I’m ancient enough to remember way back to the 1930s, when telephones were dial rotary desk and wall models. They were big, heavy, the earpiece was a horn-like object, and everthing was attached to wires.
The ugly things were also in public phone booths, and you had to drop in a nickel before dialing. In addition to the person you called, a nosy phone company employee listened in. After each couple of minutes, you had to put in another nickel or the phone would go dead.
Even more memories of the Depression era was when no one in our neighborhood had a home phone. Calls came in at the corner store’s pay phone. A messenger kid (for a nickel tip) climbed to your fourth-floor walk-up and led you down to the store, There, with everyone gawking and eavesdropping, you heard Aunt Tillie’s tearful call that Uncle Velvel had expired.
Things have changed a hell of a lot since then. Back in those days, if you strolled down the street talking to yourself, they’d commit you in the funny farm. Now, walkers talk, listen and stare mindlessly into little boxes and tiny mikes, seemingly blind to everything around them. They bump into each other on sidewalks, cross against lights into busy traffic and drive the roads while mindlessly gabbing into the little box.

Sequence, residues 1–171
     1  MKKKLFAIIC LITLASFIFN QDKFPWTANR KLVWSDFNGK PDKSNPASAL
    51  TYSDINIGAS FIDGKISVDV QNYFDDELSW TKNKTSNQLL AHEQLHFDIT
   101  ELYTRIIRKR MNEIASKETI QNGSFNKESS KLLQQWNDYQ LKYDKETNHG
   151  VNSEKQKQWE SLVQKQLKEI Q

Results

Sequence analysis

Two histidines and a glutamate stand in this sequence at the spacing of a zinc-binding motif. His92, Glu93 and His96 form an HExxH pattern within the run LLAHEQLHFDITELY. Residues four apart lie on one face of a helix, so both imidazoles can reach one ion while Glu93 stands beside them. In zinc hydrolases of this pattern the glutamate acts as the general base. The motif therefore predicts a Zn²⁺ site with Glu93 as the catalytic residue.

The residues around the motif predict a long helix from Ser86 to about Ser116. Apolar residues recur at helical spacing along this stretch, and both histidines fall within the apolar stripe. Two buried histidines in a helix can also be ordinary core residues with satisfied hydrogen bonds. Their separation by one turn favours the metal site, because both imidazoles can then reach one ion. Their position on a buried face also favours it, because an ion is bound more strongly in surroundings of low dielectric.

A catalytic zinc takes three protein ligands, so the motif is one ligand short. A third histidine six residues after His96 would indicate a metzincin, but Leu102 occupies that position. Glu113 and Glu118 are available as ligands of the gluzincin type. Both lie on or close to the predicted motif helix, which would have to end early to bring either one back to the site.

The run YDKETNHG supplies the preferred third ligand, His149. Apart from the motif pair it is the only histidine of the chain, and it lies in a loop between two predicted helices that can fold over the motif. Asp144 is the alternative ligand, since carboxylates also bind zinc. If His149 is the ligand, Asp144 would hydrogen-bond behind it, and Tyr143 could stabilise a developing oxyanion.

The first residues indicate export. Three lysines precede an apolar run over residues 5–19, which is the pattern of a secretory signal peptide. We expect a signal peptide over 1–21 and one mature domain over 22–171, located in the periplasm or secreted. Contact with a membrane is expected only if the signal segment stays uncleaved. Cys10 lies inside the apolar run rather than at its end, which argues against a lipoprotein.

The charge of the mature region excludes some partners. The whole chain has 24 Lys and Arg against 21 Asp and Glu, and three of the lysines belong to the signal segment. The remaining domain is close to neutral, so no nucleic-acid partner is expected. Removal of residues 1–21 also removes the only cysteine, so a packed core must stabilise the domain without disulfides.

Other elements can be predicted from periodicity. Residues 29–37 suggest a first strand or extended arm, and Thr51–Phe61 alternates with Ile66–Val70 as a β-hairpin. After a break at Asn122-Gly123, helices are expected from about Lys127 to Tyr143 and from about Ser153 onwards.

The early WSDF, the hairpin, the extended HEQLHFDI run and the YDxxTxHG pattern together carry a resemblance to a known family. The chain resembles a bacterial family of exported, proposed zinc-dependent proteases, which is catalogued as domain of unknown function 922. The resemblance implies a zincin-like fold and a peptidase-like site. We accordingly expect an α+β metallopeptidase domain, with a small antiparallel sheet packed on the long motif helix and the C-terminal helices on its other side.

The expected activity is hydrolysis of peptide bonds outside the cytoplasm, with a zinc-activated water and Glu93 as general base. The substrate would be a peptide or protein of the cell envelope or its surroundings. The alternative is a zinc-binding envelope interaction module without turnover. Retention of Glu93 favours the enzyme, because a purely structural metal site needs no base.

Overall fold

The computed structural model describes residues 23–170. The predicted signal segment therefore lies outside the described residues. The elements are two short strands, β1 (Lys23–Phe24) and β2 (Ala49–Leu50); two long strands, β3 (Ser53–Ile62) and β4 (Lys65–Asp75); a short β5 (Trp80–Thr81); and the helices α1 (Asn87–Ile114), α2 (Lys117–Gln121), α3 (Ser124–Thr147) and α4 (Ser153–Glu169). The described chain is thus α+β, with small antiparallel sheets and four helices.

The most annoying innovation is that all the snarky little phones are also cameras. Whenever at an entertainment event, sports stadium, restaurant, museum or any other people-gathering, it’s insanity. All I see are hundreds of idiots pointing those little boxes at everyone and everything. Worst of all they also point the things at their own grimacing faces. Heaven help us! We’re butt deep in the selfie epidemic!
I must admit I’ve tried some of the latest SmartPhones, with little success. My confused and aged mind refuses to learn how to fully comprehend what four-year-old kids learn instantly.
I’m also particularly at odds with the tiny stick-it-in-your-earphones. All they do is cause me to ache, itch and scratch, a constant reminder of my growing old age deafness. I continue to use a ten-year-old cell phone, and it works just fine as long as I recharge it at least every ten minutes.